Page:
- Tirur - 19.16 per 1,000
- Nilambur - 18.34 per 1,000
- 7.0 deaths/1,000 population (2006-10)
- In 2007, 61.55% of the deaths were reported from Hindus, 17.50% from Muslims and, 19.75% from Christians.
- In 2008, 61.01% of the deaths were reported from Hindus, 17.82% from Muslims and, 20.06% from Christians.
- In 2010, 60.79% of the deaths were reported from Hindus, 18.31% from Muslims and, 20.36% from Christians.
Net migration rate
- (-)3.1 migrant(s)/1,000 population (1991 est.)
Of the emigrants from Kerala, 42.2% were Muslims, 36.6% were Hindus and 21.2% were Christians in 1992-93. The most preferred destination was USA (37.8%), followed by UAE (25.9%), Other Gulf countries (13.0%), Oman (11.8%), Other Countries (7.5%) and Saudi Arabia(3.8%). 
- Total population : 1084 Females/1000 Male
- Age 0-6 : 959 Females/1000 Males
Infant mortality rate
- Total: 14.1 deaths/1,000 live births (1997-1999)
Maternal mortality rate
- Total: 1.3 deaths/1,000 live births (1990)
Life expectancy at birth
Total fertility rate
- 1.70 children born/woman (2001 Cen)
In 1991, Kerala had the lowest TFR (Children born per women) in the whole of India. Hindus had a TFR of 1.66, Christians had 1.78 and Muslims had 2.97. In 2000, the TFR was 1.73 with Muslims having 2.28, Nairs having a TFR of 1.47 and Syrian Christians having TFR of 1.55. TFR for Scheduled Castes was 1.52 in 1997-98 and 1.37 in 1992-93. The lowest Fertility rate recorded anywhere in India is TFR of 1.17 for Vettuvan caste in Kerala.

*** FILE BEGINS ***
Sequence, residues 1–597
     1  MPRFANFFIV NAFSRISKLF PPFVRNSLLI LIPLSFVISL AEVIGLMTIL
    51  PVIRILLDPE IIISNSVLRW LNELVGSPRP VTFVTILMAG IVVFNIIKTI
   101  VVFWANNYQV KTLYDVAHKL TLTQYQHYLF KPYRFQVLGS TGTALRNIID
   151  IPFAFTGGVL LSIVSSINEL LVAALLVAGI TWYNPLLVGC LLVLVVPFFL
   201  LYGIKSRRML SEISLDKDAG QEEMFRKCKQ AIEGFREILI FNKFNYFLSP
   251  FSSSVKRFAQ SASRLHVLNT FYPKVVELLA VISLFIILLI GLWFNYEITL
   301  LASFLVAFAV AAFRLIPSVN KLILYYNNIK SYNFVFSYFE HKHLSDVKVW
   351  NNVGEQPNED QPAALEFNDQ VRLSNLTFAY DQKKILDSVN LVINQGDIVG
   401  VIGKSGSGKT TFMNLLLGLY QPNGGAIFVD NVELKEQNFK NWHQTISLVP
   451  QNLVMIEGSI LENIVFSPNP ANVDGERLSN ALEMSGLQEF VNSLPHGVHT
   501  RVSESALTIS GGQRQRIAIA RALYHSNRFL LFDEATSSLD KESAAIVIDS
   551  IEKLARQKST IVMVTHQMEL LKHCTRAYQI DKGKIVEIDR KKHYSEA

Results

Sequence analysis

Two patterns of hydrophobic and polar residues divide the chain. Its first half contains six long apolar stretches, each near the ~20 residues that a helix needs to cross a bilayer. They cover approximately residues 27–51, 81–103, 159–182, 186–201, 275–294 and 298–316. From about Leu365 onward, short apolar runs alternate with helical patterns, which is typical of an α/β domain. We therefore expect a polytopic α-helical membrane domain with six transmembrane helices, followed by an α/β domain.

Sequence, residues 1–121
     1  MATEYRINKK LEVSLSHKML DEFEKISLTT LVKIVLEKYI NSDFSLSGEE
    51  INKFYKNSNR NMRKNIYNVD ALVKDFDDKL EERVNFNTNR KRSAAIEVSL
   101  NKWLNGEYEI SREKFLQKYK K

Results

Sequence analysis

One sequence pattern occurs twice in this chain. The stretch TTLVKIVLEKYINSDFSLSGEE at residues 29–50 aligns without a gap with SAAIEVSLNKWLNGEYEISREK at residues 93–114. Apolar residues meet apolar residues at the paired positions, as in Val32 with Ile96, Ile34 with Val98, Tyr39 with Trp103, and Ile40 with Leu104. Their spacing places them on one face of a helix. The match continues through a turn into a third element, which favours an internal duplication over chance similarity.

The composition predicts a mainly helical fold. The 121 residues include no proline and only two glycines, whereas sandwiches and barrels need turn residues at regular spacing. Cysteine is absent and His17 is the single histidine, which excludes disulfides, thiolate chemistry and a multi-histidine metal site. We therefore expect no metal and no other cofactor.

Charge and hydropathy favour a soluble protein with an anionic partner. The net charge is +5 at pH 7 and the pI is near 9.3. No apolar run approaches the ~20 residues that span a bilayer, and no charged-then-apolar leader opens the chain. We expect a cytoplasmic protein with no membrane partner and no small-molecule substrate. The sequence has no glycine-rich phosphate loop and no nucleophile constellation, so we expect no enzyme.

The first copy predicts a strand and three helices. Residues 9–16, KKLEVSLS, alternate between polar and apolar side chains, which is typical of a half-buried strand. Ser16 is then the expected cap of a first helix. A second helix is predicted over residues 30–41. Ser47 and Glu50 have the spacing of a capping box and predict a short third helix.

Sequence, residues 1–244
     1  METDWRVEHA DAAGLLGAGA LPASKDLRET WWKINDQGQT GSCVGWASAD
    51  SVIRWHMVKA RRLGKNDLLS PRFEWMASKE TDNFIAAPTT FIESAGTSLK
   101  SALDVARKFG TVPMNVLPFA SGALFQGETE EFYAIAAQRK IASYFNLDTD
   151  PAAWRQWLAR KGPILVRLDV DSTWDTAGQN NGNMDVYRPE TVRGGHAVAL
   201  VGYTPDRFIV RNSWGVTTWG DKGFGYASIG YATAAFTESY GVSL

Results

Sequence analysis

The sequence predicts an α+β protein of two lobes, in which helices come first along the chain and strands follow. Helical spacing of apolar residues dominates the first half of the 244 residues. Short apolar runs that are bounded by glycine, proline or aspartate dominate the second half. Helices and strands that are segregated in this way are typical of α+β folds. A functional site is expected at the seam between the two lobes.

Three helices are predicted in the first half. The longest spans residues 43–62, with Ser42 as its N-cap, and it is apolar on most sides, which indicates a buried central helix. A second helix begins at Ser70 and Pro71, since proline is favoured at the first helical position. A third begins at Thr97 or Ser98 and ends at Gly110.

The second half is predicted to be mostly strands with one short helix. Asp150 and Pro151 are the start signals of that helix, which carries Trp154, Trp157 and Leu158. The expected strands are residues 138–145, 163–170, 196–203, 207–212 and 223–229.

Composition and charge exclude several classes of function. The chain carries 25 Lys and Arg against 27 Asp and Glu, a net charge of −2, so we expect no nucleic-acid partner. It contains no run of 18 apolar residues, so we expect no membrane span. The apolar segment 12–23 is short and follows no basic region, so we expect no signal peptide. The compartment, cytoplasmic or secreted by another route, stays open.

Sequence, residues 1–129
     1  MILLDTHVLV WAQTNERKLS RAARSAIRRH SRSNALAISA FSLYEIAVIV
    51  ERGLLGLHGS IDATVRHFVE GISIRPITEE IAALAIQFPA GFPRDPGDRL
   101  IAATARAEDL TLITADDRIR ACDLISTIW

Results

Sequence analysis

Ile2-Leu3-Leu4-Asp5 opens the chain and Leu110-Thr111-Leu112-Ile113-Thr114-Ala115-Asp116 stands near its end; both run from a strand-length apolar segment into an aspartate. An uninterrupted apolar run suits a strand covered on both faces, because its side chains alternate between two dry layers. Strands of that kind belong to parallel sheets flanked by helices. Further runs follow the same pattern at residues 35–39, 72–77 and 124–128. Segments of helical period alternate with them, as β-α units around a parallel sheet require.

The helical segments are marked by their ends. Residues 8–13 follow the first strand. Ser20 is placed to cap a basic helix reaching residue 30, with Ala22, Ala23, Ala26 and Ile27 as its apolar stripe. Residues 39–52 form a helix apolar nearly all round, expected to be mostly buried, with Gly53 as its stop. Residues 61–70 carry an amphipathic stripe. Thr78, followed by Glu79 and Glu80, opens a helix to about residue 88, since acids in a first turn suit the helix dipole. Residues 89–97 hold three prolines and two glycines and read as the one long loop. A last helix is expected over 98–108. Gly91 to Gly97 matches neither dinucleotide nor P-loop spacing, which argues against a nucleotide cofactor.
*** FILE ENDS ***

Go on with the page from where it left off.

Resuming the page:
- HIV/AIDS - adult prevalence rate: 0.32% (2005 est.)
- HIV/AIDS - people living with HIV/AIDS: NA
- HIV/AIDS - deaths: NA
- Social and cultural history of Kerala by A. Sreedhara Menon p47,p61
- Western Influence on Malayalam Language and Literature by K. M. George, p2, ISBN 81-260-0413-4 Google book
- Caste, Class and Catholicism in India 1789-1914 by Kenneth Ballhatchet, p2, ISBN 0-7007-1095-7
- (Kalathil 2004, p. 10).
- (Kalathil 2004, p. 12).
- (Kalathil 2004, pp. 13–14).
- (Kalathil 2004, pp. 30–32).
- (Kalathil 2004, p. 37).
- (Kalathil 2004, p. 39).
- (GOK 2005b).
- Indian Census
- Edna Fernandes, The Last Jews of Kerala, Skyhorse Publishing, 2008
- (Varma 2005).
- (McKibben 2006).
- "No Malayalam please, we're Bongs". The Telegraph (Kolkata, India). 10 August 2008.
- Rakesh, K.M. (20 April 2011). "Missing voters". The Telegraph (Kolkata, India).
- "One in 3 Keralites lives in big cities". The Times Of India. 28 October 2011.
- Office of the Registrar General and Census Commissioner Government of India (2001). Census of India 2001:List of Towns (PDF). pp. 1–4. Retrieved 2006-01-12.
- "India: metropolitan areas". World Gazetteer. Retrieved 17 February 2010.
- Socio-Economic Survey 1968 http://www.jstor.org/pss/4367366
- . JSTOR 2800388. Missing or empty